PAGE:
If everyone else has given up their privacy for convenience, why am I still fighting a losing battle?
It feels like I'm fighting a war against big tech by myself, and I'm tired and about to lay down my arms14
Frontender, social media manager and windows (server) admin!
Frontender; being paid to do something I couldn't care less about and find very frustrating (as for developing it)
Social media manager; being paid to use mass surveillance engines 😷
Windows (server) admin; I don't think I have to explain this one...7
1. It's gonna be more and more specialized - to the point where we'll equal or even outdo the medical profession. Even today, you can put 100 techs/devs into a room and not find two doing the same job - that number will rise with the advent of even more new fields, languages and frameworks.
2. As most end users enjoy ignoring all security instructions, software and hardware will be locked down. This will be the disadvantage of developers, makers and hackers equally. The importance of social engineering means the platform development will focus on protecting the users from themselves, locking out legitimate tinkerers in the process.
3. With the EU getting into the backdoor game with eTLS (only 20 years after everyone else realized it's shit), informational security will reach an all-time low as criminals exploit the vulnerabilities that the standard will certainly have.
4. While good old-fashioned police work still applies to the internet, people will accept more and more mass surveillance as the voices of reason will be silenced. Devs will probably hear more and more about implementing these or joining the resistance.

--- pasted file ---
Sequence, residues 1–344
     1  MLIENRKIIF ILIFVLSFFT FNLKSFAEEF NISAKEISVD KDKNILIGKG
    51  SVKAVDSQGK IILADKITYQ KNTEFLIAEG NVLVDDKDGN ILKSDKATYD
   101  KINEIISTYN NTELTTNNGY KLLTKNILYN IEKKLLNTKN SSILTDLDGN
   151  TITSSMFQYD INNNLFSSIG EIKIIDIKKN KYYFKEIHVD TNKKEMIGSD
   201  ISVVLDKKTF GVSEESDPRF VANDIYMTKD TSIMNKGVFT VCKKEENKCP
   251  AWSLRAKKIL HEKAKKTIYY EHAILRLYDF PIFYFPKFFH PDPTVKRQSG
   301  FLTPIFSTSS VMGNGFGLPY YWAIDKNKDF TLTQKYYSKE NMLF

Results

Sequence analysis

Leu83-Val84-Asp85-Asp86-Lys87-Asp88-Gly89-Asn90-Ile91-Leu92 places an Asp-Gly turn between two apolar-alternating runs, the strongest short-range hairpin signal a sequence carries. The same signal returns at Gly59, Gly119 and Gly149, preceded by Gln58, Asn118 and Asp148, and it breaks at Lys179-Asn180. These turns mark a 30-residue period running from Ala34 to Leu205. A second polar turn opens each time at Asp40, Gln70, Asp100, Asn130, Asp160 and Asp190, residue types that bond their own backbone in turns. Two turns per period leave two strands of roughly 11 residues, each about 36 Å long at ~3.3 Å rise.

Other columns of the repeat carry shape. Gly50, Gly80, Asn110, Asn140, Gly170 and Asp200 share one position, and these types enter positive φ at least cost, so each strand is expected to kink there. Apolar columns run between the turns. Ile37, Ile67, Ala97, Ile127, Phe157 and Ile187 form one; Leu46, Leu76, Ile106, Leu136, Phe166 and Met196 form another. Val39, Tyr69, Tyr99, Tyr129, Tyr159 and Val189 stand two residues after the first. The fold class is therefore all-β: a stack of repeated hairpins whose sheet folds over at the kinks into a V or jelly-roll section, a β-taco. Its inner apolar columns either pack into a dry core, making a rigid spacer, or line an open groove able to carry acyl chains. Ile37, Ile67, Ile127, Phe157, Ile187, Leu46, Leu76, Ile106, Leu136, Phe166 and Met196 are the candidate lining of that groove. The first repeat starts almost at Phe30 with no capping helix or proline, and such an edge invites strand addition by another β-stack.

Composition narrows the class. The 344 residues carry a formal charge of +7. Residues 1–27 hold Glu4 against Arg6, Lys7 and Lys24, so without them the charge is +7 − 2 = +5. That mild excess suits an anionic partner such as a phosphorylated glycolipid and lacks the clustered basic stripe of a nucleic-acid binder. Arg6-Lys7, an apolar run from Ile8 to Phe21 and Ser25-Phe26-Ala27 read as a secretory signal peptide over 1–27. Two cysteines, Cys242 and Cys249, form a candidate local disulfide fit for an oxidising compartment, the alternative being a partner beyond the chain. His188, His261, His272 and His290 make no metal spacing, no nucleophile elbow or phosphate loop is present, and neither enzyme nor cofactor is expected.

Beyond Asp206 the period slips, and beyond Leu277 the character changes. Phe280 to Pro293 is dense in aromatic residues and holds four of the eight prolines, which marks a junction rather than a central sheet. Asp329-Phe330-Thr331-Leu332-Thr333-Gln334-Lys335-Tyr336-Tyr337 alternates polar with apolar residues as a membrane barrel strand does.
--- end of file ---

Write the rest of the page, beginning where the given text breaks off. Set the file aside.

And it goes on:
5. We'll see major leaks, both as a consequence of mass-surveillance (done incompetently and thus, insecurely) and as activist retaliation.
6. As the political correctness morons continue invading our communities and projects, productivity will drop. A small group of more assertive devs will form - not pretty or presentable, but they - we - get shit done for the rest.
7. With IT becoming more and more public, pseudo-knowledge, FUD and sales bullshit will take over and, much like we're already seeing it in the financial sector, drown out any attempt of useful education. There will be a new silver-bullet, it will be useless. Like the rest. Stick to brass (as in IDS/IPS, Firewall, AV, Education), less expensive and more effective.
8. With the internet becoming a part of the real life without most people realizing it and/or acting accordingly, security issues will have more financial damages and potentially lethal consequences. We've already seen insulin pumps being hacked remotely and pacemakers' firmware being replaced without proper authentication. This will reach other areas.
9. After marijuana is legalized, dev productivity will either plummet or skyrocket. Or be entirely unaffected. Who cares, I'll roll the next one.
10. There will be new JS frameworks. The world will turn, it will rain.1
Person1: Can I follow you on social media? (And learn more about you and your life, your friends, your relatives, where you work, what you eat, where and when you go on vacation, where you live, your relationship status, and more! More information than I could get if I setup a surveillance van outside your home for months on end, basically.)
Person1: Can I follow you home?
Person2: That is creepy...1